Jay Harmon was bummed out, but he didn't know why until he told his friend Mark Dutton about it. "He's like, 'I know why. You haven't been making music,'" said Harmon. "'You're happy when you do it, and when you don't, you get bummed. I've seen it before.'"

Jay Harmon was bummed out, but he didn't know why until he told his friend Mark Dutton about it.

"He's like, 'I know why. You haven't been making music,'" said Harmon. "'You're happy when you do it, and when you don't, you get bummed. I've seen it before.'"

Dutton was right. Harmon had stopped writing songs and playing music with the Francis Bacon Band, a group that began nearly 10 years ago as Harmon's solo acoustic project and then grew over time. "I decided I wanted to do a full band but didn't want to make it straightforward," said Harmon in a recent phone interview. "So instead I got a bunch of guys who were kinda wild, almost noise improvisers."

Early Francis Bacon Band releases (Unsafe in Any Skin; Judas, Betrayer of Words) reveled in feedback-driven guitar blasts and Krautrock-inspired structures, but when Harmon recruited Dutton to play guitar, the band dynamic began to change. "We moved in a different direction with Mark because he's a great musician, a great guitarist," said Harmon, a Pickerington native. "I had more options stylistically of where we could go now."

After recording the 2012 Paleoweltschmerz EP (named for a German theory that suggests boredom drove dinosaurs to extinction), the Francis Bacon Band played shows for about two years, performing songs from a never-released record, Be My Body. But the album never materialized. "Sometimes when you play songs into the ground, you get sick of them, and it's hard to motivate anyone to do anything with them," Harmon said.

For the Francis Bacon Band's new record, Retreat, which the group will release on Friday, July 1 at Ace of Cups, Harmon and Dutton took the opposite approach, laying down quick demos and then recording nine songs in a day and a half at bassist Tom Mitchell's Indianapolis studio alongside new drummer Andy Morehart. The result is the band's most melodic and cohesive album to date.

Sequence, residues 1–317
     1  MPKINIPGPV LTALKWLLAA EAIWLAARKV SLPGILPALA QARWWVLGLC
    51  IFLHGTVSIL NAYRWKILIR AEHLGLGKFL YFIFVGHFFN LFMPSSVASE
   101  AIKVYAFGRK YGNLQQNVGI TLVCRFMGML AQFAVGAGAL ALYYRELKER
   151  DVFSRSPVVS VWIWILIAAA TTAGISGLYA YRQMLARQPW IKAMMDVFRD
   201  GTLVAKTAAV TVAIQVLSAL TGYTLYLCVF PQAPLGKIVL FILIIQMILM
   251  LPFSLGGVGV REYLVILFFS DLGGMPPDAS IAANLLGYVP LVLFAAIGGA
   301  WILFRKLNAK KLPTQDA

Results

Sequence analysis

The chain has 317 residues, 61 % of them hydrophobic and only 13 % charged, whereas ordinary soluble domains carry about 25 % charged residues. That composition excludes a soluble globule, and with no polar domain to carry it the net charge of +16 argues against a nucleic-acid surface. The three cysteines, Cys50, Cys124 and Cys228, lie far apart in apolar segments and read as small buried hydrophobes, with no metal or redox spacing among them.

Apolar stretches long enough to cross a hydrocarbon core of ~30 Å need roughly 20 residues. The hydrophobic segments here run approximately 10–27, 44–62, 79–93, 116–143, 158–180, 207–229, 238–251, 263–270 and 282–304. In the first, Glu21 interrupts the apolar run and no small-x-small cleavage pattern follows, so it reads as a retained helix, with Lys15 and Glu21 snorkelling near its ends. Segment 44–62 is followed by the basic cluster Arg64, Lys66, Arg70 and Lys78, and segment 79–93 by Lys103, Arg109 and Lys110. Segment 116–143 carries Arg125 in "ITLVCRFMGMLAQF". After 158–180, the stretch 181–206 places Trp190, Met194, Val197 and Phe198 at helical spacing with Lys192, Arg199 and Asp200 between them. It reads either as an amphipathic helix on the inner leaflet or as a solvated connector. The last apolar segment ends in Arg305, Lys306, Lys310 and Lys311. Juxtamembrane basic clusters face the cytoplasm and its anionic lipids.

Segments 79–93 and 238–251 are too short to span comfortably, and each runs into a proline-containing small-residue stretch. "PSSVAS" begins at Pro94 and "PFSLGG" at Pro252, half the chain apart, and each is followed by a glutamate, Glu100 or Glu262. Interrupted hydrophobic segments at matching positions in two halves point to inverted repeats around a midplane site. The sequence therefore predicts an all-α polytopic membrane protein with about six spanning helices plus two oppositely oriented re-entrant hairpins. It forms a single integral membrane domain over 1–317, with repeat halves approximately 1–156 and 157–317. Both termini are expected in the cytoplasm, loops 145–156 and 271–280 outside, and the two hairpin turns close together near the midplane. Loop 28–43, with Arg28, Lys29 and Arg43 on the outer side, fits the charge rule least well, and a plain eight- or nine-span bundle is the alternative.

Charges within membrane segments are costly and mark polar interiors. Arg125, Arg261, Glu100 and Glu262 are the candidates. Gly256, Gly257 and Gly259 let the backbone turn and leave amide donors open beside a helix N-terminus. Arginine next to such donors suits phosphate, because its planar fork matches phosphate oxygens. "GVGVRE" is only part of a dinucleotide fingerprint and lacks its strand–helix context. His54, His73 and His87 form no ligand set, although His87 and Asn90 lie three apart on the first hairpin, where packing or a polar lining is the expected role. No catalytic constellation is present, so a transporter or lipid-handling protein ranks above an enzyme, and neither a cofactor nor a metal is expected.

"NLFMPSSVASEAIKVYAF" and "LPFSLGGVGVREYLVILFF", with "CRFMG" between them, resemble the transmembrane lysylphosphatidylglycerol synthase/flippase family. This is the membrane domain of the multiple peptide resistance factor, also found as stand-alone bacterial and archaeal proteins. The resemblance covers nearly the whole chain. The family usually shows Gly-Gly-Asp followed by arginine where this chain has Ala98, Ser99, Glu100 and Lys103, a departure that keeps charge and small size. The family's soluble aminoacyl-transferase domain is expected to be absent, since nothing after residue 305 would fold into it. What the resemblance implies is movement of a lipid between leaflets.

"I got into a weird obsession with [Neil Young's] Comes a Time record," Harmon said. "It's such a normal record. It's so radio-ready. I love it a lot, though. I made it a goal to make a record that was a little more easygoing and accessible. … And also hearing songs on the radio and being like, 'Man, this Neil Diamond song is kinda dumb, but I really like it.' I got into how to craft a solid pop song."

That's not to say you'll mistake Retreat tracks for songs by either of the Neils. The slow, rolling bass and high harmonies on "Bone Dry, Low Tide" recall Low, while other tunes, like the title track and "Pickpocket," evoke Magnolia Electric Co. - a favorite of Harmon and Dutton. Throughout, Harmon sticks to conceptual, purposefully ambiguous lyrics.

"I'm always gunning for the abstract. I like art that does that - any sort of [David] Lynchian surrealism," Harmon said. "I'm always talking about something specific [in the songs], but I'm abstracting it out to the point where you can bring whatever you want into it. It's more fun if it doesn't appear to you right away."

In that sense, Retreat leadoff track "Sands" is a departure for Harmon. "You look all right on paper, but reality isn't doing you favors," he sings accusatorily, and for three and a half minutes he doesn't let up, ending the final verse with, "Though you're known as the king of fools, you're greedy of the crown."

Lest you take pity on the man in Harmon's crosshairs, "Sands" is merely Harmon, 29, indicting his younger self. "Sometimes you can't get your life together in your early 20s, and you're looking at yourself going, 'Oh, God. What are you doing?'" he said.

Now, with Retreat forthcoming and Francis Bacon Band shows booked, Harmon is in a better spot. "If I'm working, I'm happy," he said.